Like several other technologies, IoT can become a weapon in the hands of domestic abusers.
However, the technology can be helpful for abuse victims to get help too. Governments and law enforcement agencies must ensure that the use of IoT for smart cities and smart homes is exclusively for user convenience and not for making abuse easier for perpetrators.
Domestic violence is depressingly common in today’s times, with about one in three women and one in nine men reportedly subjected to behind-closed-doors brutality at the hands of their intimate partners at least once in their lives. You would expect that the emergence of IoT for smart cities and smart home applications would reduce such episodes of domestic violence, but, instead, another trend seems to be emerging. Like a dystopian nightmare, the increasing use of IoT for smart cities is, in many cases, making it easier for abusers to wreak physical and mental havoc on their helpless victims in smart homes. Abusers can use security cameras and other imaging devices to monitor their victims at all times. Additionally, domestic abusers can remotely regulate smart home air-conditioners, smart locks, lighting and IoT sauna systems to compound their partners’ misery even when they’ve been removed from the house. As a technology, IoT gets a bad rap due to these types of domestic abuse incidents.
However, on the flip side, IoT is also a remarkably valuable resource to prevent domestic violence attacks. From smart speakers that can be used to record evidence of domestic abuse to specialized panic button apps that enable victims to seek help when they’re stuck in a dangerous situation, IoT can be useful in catching abusers as well.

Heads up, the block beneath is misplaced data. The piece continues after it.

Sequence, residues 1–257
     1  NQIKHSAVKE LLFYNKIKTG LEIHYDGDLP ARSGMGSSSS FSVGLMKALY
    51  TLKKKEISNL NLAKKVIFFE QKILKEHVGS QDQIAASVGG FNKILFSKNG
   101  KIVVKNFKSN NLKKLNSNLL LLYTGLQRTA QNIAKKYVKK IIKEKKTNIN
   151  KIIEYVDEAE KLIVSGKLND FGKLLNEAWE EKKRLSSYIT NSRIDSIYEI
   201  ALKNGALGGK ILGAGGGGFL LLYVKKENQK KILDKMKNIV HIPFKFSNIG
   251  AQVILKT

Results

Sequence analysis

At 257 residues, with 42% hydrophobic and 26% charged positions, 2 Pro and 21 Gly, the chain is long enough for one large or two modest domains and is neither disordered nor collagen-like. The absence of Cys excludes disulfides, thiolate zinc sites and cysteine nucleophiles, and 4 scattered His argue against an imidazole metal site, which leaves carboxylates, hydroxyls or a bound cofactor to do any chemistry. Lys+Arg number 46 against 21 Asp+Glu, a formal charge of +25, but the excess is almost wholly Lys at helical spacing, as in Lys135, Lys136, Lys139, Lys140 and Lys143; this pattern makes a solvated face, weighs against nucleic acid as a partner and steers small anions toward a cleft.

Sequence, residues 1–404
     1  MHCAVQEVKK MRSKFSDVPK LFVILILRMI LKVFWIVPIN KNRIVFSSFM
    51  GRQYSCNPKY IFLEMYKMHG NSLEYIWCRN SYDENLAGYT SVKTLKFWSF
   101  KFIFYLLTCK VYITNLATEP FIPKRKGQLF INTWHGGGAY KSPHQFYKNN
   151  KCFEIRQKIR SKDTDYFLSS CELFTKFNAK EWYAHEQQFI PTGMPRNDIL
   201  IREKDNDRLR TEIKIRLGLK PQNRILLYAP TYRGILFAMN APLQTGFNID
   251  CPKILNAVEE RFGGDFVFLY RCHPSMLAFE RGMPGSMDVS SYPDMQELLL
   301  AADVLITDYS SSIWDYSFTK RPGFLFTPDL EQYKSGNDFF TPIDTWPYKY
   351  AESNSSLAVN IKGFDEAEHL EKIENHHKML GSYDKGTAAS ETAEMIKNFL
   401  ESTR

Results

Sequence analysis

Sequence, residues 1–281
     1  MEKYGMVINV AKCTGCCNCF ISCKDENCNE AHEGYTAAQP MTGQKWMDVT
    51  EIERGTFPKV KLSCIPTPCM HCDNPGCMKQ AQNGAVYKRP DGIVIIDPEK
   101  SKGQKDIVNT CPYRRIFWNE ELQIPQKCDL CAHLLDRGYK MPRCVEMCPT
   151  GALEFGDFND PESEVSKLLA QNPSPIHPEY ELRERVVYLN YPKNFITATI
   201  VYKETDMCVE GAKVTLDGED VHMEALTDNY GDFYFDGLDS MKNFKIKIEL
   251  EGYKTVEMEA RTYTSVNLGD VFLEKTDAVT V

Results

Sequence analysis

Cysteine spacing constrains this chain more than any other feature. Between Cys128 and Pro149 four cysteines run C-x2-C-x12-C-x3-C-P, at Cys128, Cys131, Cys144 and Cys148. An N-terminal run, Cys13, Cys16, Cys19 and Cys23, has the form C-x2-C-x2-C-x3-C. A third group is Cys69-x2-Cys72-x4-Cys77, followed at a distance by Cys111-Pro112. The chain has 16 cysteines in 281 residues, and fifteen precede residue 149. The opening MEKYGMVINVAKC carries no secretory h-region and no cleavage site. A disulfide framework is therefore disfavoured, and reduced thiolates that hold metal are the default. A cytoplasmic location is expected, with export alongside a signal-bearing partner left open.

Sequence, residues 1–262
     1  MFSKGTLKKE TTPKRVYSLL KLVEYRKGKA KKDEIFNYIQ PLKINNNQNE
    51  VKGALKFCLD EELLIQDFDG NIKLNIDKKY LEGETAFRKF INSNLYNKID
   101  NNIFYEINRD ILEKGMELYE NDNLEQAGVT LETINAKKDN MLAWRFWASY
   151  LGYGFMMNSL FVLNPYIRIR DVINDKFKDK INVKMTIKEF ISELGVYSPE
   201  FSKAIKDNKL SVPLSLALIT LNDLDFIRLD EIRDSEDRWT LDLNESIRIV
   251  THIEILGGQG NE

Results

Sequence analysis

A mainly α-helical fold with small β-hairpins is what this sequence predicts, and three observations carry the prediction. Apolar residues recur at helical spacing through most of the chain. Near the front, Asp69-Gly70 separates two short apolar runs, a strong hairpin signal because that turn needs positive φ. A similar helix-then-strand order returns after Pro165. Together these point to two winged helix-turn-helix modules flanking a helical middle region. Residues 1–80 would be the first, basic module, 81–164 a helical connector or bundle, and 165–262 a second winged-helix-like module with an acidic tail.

It would be incorrect to blame IoT for domestic violence incidents in smart cities. Instead, the focus must be on how such incidents can be reduced and eventually eliminated.
Governments, law enforcement agencies and technology developers need to play their part in eliminating the ease with which abusers can use IoT-based tools for harassing their partners.
Governments need to establish helpline numbers and other ways in which abuse victims can reach law enforcement departments. Generally, it is felt that there are not enough laws for IoT-driven domestic violence resolution. Some countries are beginning to change this trend. Australia, for example, has created a centralized tech abuse unit for violence victims to receive IoT-savvy help and support in the least amount of time. The Domestic Abuse Bill passed in the UK in 2020 also includes clauses that address tech abuse.
Tech companies must develop IoT solutions while keeping domestic violence prevention firmly in mind. They can actively include domestic abuse survivors in the development process to create more survivor-led application designs. Apart from the creation of IoT tools that will prevent abusers from victimizing their partners, this also allows survivors to speak out and, as a result, feel lighter from within. After all, several domestic abuse victims never get to share their voices regarding their own trials and tribulations.
According to an estimate, there will be 64 billion IoT devices in the world by 2025. The number of applications of IoT for smart cities and smart home operations will be overwhelmingly huge. The increase in IoT usage should not create more opportunities for domestic abusers to harass their partners or family members in smart homes. As stated earlier, several parties in the private and public sectors will have to work together to take IoT-driven domestic violence out of smart cities for good.
Naveen is the Founder and CEO of Allerin, a software solutions provider that delivers innovative and agile solutions that enable to automate, inspire and impress. He is a seasoned professional with more than 20 years of experience, with extensive experience in customizing open source products for cost optimizations of large scale IT deployment. He is currently working on Internet of Things solutions with Big Data Analytics. Naveen completed his programming qualifications in various Indian institutes.